Sunday, November 16, 2014
Above is an image from the 1932 Poverty Row murder mystery called The Death Kiss. It's a black and white film, of course, however -- and no, your eyes are not deceiving you! -- some scenes contain bits of color tinting of the kind seen here. Fire, flashlight beams, smoke, the flash of a gunshot -- these are the sorts of things that director Edwin L. Marin hired artist Gustav Brock to highlight with color. In this particular film, the choice seems a little arbitrary -- The Death Kiss is not otherwise a stylistically ambitious film -- but it's still effective, in the way William Castle's gimmicks and novelties could be.
But don't take my word for it! The film, which has long been in the public domain, has finally received a proper home video release by Kino Lorber. And judging by the wide variety of image and sound quality enjoyed by the film on this Blu-ray, Kino got there not a moment too soon. The Death Kiss hasn't received much care until now, but if you're put off by the audio/video problems you should probably understand and accept that this disc is as good as The Death Kiss is ever going to get. If you're still bothered, well, it's your loss. The Death Kiss is what some might call a "hoot," a brisk, light-hearted story about murder and low-budget filmmaking.
The film reunites three of the main actors from Tod Browning's Dracula, which had been such a big hit for Universal the year before. Edward Van Sloan (Van Helsing in Dracula) plays Tom Avery, the director of a film called The Death Kiss. At the beginning of this film, the real one, the one directed by Edwin L. Marin, Avery is shooting the scene that will give the film, his film, the fake one, its title: a woman plants a kiss on a man leaving his hotel -- he doesn't know her, she claims to have found him irresistible, but what she was really doing was marking him as the man the gangsters outside are supposed to kill. And they open fire and he dies. However, it turns out that when the fake gangsters fire their fake guns on the movie set, somebody shot the actor (Edmund Burns) for real, killing him. Was it an accident? One might assume, and certainly that's the best-case scenario, but when the police arrive, tended to by studio manager Joseph Steiner (Bela Lugosi; I can't remember who he played in Dracula), it soon becomes clear that it was murder, with a lot of circumstantial evidence pointing towards Marcia Lane (Adrienne Ames), the actress who delivered the "death kiss" in the scene they were shooting. However, contracted screenwriter Franklyn Drew (David Manners, who played Harker in etc.) is having none of that nonsense, he knows Marcia didn't do it, so with cartoon character/studio cop Gulliver (Vince Barnett) trailing along like a puppy, he sets out to find the real murderer. Drew is kind of a smug little prick, but don't let that hold you back.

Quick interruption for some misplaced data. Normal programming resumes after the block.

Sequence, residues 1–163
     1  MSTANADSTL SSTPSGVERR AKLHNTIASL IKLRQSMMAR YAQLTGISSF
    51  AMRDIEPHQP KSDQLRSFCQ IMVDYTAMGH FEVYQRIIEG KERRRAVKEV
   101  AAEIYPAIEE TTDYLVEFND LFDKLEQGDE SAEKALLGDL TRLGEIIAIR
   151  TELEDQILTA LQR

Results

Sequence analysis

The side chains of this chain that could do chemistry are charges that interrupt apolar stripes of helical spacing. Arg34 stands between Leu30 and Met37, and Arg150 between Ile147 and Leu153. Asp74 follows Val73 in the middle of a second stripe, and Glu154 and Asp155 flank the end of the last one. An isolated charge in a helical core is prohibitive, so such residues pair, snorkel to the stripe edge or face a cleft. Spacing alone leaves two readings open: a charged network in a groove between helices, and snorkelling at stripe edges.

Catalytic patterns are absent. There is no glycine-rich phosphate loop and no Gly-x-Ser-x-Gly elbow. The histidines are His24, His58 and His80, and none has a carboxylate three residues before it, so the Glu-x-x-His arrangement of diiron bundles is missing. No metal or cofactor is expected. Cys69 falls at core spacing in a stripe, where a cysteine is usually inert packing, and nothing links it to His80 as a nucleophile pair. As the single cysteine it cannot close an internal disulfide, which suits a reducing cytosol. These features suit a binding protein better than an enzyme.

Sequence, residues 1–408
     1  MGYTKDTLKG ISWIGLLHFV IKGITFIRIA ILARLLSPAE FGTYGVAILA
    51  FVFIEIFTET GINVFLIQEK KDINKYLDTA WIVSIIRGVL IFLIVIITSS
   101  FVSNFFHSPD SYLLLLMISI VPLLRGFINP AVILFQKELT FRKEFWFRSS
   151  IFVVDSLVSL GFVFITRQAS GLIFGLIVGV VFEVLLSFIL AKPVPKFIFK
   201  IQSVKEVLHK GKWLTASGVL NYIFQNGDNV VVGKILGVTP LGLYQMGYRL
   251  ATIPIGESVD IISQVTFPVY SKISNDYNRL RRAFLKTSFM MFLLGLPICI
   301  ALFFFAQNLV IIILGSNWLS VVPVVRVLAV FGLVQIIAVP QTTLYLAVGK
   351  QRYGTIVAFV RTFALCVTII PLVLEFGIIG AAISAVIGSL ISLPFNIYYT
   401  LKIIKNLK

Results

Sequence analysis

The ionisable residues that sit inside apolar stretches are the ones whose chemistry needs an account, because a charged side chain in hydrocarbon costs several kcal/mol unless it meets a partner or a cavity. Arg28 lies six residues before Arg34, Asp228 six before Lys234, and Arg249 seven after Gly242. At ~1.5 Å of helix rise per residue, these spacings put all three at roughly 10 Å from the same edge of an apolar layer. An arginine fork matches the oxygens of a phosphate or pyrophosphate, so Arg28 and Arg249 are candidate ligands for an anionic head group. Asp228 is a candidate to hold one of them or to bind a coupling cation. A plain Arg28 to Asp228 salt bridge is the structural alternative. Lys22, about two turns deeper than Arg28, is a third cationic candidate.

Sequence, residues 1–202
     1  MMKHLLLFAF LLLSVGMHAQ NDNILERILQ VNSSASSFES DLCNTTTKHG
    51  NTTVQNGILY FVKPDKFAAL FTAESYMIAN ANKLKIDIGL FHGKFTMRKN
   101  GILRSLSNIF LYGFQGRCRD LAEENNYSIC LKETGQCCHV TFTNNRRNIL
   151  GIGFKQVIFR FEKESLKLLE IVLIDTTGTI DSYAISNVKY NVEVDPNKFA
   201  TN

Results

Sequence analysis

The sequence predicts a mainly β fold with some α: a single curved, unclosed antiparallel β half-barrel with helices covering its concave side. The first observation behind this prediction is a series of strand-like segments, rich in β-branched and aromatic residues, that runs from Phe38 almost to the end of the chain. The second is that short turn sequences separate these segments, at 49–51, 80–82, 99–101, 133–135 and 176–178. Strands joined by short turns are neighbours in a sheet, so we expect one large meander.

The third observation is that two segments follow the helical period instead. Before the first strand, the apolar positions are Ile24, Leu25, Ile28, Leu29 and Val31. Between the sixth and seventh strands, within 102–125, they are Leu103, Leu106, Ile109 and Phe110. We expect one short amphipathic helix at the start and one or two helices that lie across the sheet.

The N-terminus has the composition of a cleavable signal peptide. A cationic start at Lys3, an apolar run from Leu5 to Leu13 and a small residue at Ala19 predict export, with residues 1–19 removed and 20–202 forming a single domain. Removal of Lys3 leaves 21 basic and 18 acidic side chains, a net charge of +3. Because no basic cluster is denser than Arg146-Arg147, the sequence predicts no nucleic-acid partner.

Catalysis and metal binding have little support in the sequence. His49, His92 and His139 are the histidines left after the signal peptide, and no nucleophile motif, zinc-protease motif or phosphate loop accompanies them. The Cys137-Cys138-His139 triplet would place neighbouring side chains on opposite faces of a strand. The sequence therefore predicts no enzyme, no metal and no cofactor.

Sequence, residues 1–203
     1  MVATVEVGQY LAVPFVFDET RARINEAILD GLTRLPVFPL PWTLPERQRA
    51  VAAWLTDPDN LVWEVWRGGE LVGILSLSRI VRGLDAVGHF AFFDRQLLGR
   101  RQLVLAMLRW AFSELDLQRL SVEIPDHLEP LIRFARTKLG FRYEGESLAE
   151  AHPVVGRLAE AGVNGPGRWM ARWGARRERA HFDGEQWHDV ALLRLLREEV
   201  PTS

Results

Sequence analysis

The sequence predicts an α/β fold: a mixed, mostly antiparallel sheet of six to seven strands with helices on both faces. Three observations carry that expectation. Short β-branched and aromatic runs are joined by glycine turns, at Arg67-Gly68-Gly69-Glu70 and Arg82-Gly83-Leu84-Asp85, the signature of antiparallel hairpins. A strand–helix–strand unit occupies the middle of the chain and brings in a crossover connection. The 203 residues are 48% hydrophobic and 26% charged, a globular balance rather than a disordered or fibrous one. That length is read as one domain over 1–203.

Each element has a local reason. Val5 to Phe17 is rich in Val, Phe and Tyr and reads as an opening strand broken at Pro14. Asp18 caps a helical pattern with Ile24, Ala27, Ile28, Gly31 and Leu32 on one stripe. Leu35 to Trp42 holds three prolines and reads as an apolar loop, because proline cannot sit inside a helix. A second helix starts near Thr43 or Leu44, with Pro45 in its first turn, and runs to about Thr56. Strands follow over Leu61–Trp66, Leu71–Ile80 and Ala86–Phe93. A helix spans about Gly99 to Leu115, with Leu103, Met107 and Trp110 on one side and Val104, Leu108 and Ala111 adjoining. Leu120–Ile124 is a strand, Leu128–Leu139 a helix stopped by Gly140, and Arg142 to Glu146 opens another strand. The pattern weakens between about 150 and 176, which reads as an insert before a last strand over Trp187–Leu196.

It's often said about films that people like that are of a certain age "They don't make 'em like that anymore," even though they do make 'em like that anymore, it's just that the world being different now those films will be somewhat different from their ancestors as well. However, there actually are movies the likes of which are not made anymore. The Death Kiss is one of them (Murder in the Zoo from 1933 would be another example, but there are many). Can you imagine a studio film, or even an independent one, making a sincere -- which is in no way meant to suggest "humorless" -- inside-Hollywood film free of meta nonsense (well, almost free, The Death Kiss does have one wink in its arsenal, and it's sort of a clever one) about the on-set murder of an actor, which proceeds to then actually be a murder mystery? Though I'm trying to make the point that the movie they don't make 'em like anymore is very specifically The Death Kiss (or Murder in the Zoo, etc.), I'm now realizing that they may not even make murder mysteries anymore. They make films that have murders in them and sometimes you may not know until near the end who the murderer is, they are something other than -- "more than" it might be claimed, but not by me -- a straightforward murder mystery. The Death Kiss is. So save the genre! See The Death Kiss!